I thought yearly goals were hard, but monthly goals are just as hard.
I had planned to write about my February and March challenges but I failed badly. What ended up happening for both months was that I would put off the challenges and give up. I don’t have much to say about the challenges, so instead I’ll be reflecting on what happened and how I can improve moving forward.
What’s interesting is that I was the one who set up these challenges for myself. Here’s what I learned:
I constantly tell myself I can’t do it when the task is too difficult.
That’s hard for me to admit because it’s not something I’m proud of. It has a lot to do with not believing in myself and not trusting that I’ll eventually get there if I keep at it.
An example of that is my March challenge. I set to read Chinese for one hour every day. It’s something that I keep saying I want to work on but have a hard time starting. For some reason, every time it popped into my mind that it was time for me to read, I let myself off the hook too easily and thought to myself, “Nah. I have other things to do right now, so I’ll push it off and try again tomorrow.”
To be honest, I didn’t have a legitimate reason to skip reading. Deep down, I knew it was my insecurity with failure. I knew that reading Chinese would be difficult and I didn’t want to struggle and fail. My mind wasn’t strong enough to push myself through the self-doubt. It seemed impossible that I could ever become proficient in Chinese. It felt like I didn’t have control over how I felt. I also didn’t realize I could stop feeling that way and do something about it. Eventually it was the end of the month and I didn’t do anything different about those thoughts.
Action plan: Whenever I start to tell myself I can’t do something, take a deep breath, and think to myself, “Yes, I can’t do this right now, but here’s what I can do to move forward, no matter how small the step.”
When I see that something isn’t working out, I don’t take action.
I feel like I’ve exhausted all my options, when in reality I haven’t. Part of it is because I’m lazy and don’t hold myself accountable enough. Instead of reminding myself the “why” for creating these challenges, I run away from them and let negative self-talk take over me because it’s easier than facing my fear of failure. Part of it is also that I have a hard time asking for help because I don’t feel comfortable being vulnerable and weak in front of people.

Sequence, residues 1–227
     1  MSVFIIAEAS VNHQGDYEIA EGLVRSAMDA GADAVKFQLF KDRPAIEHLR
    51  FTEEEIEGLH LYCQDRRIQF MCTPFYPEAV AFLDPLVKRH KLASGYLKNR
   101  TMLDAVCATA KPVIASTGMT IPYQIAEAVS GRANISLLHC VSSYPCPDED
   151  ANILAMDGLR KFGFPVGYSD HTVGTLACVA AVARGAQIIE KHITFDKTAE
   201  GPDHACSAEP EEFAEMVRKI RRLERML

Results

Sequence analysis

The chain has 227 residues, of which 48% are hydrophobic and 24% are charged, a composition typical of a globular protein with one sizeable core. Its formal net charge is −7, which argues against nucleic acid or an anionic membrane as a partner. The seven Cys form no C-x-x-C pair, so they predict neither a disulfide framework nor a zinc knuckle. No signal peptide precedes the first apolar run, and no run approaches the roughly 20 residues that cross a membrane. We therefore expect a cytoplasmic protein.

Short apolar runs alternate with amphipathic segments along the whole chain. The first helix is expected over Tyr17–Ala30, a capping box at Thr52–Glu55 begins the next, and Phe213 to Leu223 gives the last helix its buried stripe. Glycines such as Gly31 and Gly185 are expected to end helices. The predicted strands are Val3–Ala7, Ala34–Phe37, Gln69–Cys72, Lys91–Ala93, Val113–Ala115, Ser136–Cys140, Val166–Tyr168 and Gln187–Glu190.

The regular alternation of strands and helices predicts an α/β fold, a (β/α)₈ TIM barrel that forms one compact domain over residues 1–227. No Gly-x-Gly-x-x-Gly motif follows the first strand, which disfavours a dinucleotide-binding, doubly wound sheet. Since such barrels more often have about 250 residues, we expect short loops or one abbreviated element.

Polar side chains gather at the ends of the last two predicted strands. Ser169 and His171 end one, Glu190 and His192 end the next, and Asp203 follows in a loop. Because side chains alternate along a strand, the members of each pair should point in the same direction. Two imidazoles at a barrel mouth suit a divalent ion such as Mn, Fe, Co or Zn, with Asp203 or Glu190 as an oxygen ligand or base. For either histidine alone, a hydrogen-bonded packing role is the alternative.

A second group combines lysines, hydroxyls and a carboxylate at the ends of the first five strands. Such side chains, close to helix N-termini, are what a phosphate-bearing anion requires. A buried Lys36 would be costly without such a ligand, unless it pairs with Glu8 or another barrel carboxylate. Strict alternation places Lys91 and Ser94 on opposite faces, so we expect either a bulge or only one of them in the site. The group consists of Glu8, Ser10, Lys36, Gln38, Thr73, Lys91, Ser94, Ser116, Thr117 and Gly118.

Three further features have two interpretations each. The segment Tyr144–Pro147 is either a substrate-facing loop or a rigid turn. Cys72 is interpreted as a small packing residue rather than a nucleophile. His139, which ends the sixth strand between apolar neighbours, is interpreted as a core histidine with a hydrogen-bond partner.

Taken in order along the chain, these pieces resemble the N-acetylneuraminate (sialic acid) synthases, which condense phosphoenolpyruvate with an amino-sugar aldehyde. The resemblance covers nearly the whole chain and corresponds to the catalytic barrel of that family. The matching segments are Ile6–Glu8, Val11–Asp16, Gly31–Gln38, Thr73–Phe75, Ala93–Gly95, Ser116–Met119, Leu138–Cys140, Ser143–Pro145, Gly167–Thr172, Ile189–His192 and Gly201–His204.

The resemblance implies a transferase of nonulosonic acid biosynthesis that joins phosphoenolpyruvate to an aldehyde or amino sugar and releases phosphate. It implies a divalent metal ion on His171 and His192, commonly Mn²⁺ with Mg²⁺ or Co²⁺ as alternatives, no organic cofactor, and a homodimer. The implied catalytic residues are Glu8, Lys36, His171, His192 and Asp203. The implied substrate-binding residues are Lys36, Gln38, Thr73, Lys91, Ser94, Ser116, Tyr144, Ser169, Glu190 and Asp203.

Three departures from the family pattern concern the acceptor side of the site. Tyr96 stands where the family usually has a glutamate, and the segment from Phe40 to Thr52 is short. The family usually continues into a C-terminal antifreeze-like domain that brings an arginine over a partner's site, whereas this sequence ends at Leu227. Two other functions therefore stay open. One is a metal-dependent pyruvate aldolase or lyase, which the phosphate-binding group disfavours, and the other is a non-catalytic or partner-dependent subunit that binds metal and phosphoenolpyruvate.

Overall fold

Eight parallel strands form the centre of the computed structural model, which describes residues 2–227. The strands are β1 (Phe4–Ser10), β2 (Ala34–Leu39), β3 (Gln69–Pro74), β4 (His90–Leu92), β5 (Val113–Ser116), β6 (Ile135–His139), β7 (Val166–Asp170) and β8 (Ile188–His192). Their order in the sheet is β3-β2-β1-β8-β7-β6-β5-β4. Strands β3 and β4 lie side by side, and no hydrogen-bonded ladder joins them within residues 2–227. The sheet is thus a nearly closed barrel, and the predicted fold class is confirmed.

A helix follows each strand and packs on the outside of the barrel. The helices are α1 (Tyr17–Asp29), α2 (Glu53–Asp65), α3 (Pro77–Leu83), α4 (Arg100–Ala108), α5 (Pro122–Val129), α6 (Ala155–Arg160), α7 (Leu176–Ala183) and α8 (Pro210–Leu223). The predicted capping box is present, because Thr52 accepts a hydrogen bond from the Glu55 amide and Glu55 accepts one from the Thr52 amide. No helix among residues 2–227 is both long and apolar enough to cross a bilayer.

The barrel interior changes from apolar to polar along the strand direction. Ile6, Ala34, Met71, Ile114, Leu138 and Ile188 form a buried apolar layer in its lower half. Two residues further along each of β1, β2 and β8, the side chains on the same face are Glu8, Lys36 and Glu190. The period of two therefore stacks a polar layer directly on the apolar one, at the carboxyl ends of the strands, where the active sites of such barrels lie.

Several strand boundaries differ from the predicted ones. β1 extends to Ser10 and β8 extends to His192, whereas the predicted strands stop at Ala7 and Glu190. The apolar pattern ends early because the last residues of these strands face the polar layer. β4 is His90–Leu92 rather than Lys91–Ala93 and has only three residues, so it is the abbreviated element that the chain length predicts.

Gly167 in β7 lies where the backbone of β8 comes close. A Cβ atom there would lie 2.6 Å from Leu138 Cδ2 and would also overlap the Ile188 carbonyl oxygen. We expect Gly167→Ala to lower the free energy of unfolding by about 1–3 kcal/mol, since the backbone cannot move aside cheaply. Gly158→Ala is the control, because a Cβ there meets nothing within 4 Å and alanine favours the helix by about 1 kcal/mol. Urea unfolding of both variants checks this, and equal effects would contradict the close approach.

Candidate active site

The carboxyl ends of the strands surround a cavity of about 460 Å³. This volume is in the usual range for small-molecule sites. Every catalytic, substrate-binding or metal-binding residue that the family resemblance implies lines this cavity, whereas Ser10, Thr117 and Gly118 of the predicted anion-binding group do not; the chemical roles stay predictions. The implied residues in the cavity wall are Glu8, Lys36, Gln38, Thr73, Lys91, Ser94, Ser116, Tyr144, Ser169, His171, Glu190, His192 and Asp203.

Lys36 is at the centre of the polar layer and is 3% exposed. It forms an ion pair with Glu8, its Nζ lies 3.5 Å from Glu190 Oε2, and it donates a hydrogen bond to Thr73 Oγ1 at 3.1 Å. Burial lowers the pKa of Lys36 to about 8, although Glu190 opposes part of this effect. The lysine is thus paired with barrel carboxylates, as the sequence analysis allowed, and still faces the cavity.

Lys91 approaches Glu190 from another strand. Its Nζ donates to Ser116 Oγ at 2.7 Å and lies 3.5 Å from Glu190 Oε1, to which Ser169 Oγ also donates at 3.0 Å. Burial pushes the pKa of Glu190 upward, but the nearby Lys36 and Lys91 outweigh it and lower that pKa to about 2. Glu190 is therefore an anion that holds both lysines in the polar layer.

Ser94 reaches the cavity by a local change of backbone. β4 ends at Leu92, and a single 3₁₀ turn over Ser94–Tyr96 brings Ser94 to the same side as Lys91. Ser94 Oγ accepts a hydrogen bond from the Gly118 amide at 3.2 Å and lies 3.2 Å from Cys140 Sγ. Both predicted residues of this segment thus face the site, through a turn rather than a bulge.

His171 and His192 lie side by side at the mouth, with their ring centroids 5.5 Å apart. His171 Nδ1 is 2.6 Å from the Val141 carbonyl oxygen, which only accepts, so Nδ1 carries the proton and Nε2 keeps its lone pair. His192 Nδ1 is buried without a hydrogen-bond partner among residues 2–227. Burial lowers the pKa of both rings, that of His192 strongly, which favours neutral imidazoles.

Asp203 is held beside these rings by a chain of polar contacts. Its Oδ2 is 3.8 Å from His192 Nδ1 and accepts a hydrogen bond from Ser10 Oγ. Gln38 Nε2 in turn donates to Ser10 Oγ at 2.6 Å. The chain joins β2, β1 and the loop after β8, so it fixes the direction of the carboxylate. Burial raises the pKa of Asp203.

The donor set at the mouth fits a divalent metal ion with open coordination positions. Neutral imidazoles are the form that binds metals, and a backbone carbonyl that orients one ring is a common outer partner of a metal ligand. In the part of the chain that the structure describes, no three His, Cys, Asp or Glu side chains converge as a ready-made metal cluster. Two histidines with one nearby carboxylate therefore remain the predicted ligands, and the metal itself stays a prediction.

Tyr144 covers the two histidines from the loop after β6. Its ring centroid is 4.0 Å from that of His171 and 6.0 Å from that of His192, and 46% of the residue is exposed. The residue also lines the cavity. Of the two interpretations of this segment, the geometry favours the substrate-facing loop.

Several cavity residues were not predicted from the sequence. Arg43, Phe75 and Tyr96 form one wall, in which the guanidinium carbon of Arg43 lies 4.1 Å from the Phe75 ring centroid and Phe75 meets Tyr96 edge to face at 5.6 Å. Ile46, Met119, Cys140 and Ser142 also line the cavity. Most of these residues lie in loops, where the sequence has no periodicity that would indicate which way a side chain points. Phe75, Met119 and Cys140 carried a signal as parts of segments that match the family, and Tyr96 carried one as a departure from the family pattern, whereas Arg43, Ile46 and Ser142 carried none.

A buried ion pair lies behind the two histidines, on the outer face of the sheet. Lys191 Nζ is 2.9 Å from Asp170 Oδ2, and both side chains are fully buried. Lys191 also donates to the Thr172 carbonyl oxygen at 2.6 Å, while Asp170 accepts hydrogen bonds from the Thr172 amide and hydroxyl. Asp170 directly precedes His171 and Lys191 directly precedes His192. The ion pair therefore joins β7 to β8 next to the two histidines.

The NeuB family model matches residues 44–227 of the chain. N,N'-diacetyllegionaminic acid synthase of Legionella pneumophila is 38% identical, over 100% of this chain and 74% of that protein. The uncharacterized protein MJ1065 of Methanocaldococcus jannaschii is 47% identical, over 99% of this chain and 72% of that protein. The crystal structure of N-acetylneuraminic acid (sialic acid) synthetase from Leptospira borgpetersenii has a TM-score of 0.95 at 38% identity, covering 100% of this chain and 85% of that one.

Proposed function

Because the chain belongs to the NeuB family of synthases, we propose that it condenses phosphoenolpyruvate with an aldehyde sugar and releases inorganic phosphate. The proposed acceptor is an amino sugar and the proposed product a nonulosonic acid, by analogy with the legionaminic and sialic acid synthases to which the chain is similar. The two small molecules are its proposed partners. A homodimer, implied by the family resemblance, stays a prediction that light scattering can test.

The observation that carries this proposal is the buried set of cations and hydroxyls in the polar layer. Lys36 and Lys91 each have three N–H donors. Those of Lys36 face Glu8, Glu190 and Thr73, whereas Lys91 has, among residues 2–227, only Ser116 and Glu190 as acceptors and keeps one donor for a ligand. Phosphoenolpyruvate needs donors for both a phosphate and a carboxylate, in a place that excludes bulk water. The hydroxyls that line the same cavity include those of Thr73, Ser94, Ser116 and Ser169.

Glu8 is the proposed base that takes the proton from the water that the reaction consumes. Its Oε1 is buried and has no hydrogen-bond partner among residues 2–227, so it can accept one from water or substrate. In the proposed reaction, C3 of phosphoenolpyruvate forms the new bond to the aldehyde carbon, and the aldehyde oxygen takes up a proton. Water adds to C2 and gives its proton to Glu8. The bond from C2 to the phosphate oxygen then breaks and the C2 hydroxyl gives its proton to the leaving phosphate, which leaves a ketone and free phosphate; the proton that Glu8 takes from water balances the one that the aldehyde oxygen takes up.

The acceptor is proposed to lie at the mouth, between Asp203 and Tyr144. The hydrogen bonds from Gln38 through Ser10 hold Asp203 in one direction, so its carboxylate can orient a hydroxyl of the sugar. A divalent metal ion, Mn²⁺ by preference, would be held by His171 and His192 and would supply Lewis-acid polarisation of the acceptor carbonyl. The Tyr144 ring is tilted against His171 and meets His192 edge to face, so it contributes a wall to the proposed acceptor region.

Action plan: Write down the steps where I can physically see so I’m reminded of why I want to do it in the first place. Adjust as necessary to get through any road blocks by asking for help or simply writing down what isn’t working.
I would rather fail 100% than succeed 20%.
In February, I created a habit tracker to jot down the days I woke up at 6AM. I was used to going to bed at 2AM and waking up at 10AM so this was going to be a hard challenge. knew I had to slowly work my way up. I didn’t expect myself to fill in those boxes in my habit tracker for the first week. But then the second week rolled around and Chinese New Year was upon us. My family played mahjong all through the night and didn’t sleep until 4 in the morning almost everyday. By the end of the week, my sleeping schedule was so wack that I had trouble getting back on track.
Three weeks into February, I realized more than half of my habit tracker wasn’t colored in. Then I thought, “This is terrible. I barely achieved what I set out to do this entire month, so I might as well give up now since I’ll only have 2-3 boxes filled in by the end and to me, that’s considered a failure.” If I hadn’t pressured myself into thinking that it was about how many times I could wake up at 6AM and not about learning about myself through this process, maybe I would have stuck with it.
Action plan: When it feels like I don’t have enough “time” to accomplish something because of an expectation I set for myself, remind myself that it’s not the end of the world if I don’t fill all the boxes and write down what I learned so far to allow myself to see the small strides I’ve made so far.
This month I’m working on building a morning routine that will help kickstart my day in a more productive manner. I’m writing a post about it so I’ll go into more detail later. This time around, I wrote down the things I wanted to get done in the morning and stuck it on my closet so I could see right as I woke up. The visualization of these words definitely helps remind me why I want to do these things.
So far I’m only two days in and I am already hitting a minor roadblock. But I haven’t given up. I did some research on how I can mitigate the challenge I’m facing and will test it out to see if it helps. It’s giving me a boost of motivation to tackle this problem now that I have a concrete actionable solution. Taking into account what I learned from the last two months, I will apply these action plans when I see myself making the same mistakes.
What are some things you do to help you get back on track after failure?